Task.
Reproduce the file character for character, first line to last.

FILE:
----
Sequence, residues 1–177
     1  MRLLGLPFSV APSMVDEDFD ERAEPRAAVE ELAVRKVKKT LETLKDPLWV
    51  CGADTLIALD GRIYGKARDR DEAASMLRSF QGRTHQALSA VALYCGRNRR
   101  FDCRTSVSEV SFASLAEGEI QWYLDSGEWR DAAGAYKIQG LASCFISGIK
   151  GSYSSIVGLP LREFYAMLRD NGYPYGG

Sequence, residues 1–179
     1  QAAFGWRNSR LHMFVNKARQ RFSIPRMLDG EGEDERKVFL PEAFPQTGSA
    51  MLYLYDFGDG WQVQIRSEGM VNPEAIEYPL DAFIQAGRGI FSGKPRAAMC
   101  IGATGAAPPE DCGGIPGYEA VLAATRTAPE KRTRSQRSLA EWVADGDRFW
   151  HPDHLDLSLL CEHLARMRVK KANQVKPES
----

Sequence, residues 1–177
     1  MRLLGLPFSV APSMVDEDFD ERAEPRAAVE ELAVRKVKKT LETLKDPLWV
    51  CGADTLIALD GRIYGKARDR DEAASMLRSF QGRTHQALSA VALYCGRNRR
   101  FDCRTSVSEV SFASLAEGEI QWYLDSGEWR DAAGAYKIQG LASCFISGIK
   151  GSYSSIVGLP LREFYAMLRD NGYPYGG

Sequence, residues 1–179
     1  QAAFGWRNSR LHMFVNKARQ RFSIPRMLDG EGEDERKVFL PEAFPQTGSA
    51  MLYLYDFGDG WQVQIRSEGM VNPEAIEYPL DAFIQAGRGI FSGKPRAAMC
   101  IGATGAAPPE DCGGIPGYEA VLAATRTAPE KRTRSQRSLA EWVADGDRFW
   151  HPDHLDLSLL CEHLARMRVK KANQVKPES